Saturday, 11 November 2017

Ag-nutrition policy: Where are the women?

By Saba Aslam

Panel discussion at the ANH 2017 symposium
Photo credits: Collective Team

How can nutritional outcomes of women agricultural workers and their children be improved through interventions in the agriculture sector? What has worked for countries in the South Asian region? What more should policies do in countries where agriculture sector forms the economic backbone but nutrition remains low or stagnant? These questions were discussed in a policy dialogue organised by Leveraging Agriculture for Nutrition in South Asia (LANSA) on “Recognition, Rights and Wellbeing of Women Agricultural Workers in South Asia” at the Agriculture, Nutrition and Health (ANH) Symposium held in July. The panel had activists and policy makers from Pakistan, India, Bangladesh and Nepal, and was moderated by Ms. Rachel Lambert, Senior Livelihoods Advisor in Department for International Development’s (DFID) UK Agriculture research team. 

The State has to take the lead in recognising women’s work in agriculture. Dr. Nafisa Shah, member of Pakistan’s National Assembly, saw the starting point for any meaningful action to be the country’s constitution. She also highlighted that the Benazir Income Support Programme (BISP) and Sindh Land Rights policy have placed women at the centre by treating women as “real agents of change rather than recipients of aid”. Even though Pakistan has been on the trajectory of placing women at the centre, there is a lot that still needs to be done. Ms. Khushi Kabir, a seasoned activist who works with women and men from marginalised communities in Bangladesh, emphasized the need for gender-sensitive machinery in agriculture, including efforts to target women beneficiaries for agriculture subsidies and tailoring the policy on landless peasants by giving land to women without the presence of any male member. Ms. Indira Dahal from the Law Commission in Nepal shared about the policies and programmes that improve nutrition and food security by focusing on cultivation done by women. The Agriculture Development Strategy (ADS), she said, is a fundamental step that empowers women involved in agricultural activities, and increases their participation in the sector. The Ministry of Agriculture in Nepal has been working to increase women’s ownership of land, and also trains women farmers.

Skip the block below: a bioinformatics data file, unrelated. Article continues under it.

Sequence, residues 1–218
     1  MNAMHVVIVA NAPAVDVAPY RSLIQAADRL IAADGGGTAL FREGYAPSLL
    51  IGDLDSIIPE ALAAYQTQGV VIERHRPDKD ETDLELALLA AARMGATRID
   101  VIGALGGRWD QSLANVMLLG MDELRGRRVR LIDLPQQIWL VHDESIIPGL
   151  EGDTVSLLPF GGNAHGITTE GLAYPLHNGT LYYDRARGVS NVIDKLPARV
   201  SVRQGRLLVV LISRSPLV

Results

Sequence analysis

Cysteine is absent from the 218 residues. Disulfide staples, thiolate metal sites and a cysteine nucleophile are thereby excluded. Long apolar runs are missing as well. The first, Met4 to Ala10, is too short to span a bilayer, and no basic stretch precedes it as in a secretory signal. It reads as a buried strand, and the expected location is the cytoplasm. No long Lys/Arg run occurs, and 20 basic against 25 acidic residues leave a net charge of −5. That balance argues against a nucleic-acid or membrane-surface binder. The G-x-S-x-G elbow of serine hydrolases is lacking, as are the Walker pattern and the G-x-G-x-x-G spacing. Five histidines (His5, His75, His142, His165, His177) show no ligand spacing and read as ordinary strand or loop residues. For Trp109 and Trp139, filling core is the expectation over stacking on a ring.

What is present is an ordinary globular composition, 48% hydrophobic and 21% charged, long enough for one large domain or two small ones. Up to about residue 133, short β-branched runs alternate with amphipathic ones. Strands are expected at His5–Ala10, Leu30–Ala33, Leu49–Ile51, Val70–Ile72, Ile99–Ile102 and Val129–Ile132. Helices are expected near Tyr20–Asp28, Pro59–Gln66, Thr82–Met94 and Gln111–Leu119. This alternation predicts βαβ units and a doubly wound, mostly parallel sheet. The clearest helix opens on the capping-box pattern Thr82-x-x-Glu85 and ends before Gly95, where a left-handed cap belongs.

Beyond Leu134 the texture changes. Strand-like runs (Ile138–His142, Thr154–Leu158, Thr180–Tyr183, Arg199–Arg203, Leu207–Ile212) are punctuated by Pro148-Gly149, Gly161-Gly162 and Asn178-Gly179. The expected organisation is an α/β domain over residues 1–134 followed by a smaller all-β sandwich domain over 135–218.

In addition to state policies, there also need to be efforts to shift mindsets on the ground. Ms. Kabir emphasized the need for engaging with both men and women at the household and community levels. Dr Jatinder Kishtwaria, Director of Central Institute for Women in Agriculture, India echoed the need for attitudinal shifts amongst men and women.

The participants highlighted the need for multilaterism in South Asia in tackling these issues and called for a wider regional dialogue. There is a lot that policy makers can learn by talking to each other. In Pakistan, I believe that it is not just the federal or provincial governments that need to push forward greater recognition of women’s work, but rather, the activists working with women and men, the donors, the political parties, the male farmers, and other groups directly or indirectly linked with the agriculture-nutrition nexus need to be actively engaged. There has to be top-down and bottom-up approach while drafting and implementing policies and programmes to improve nutrition.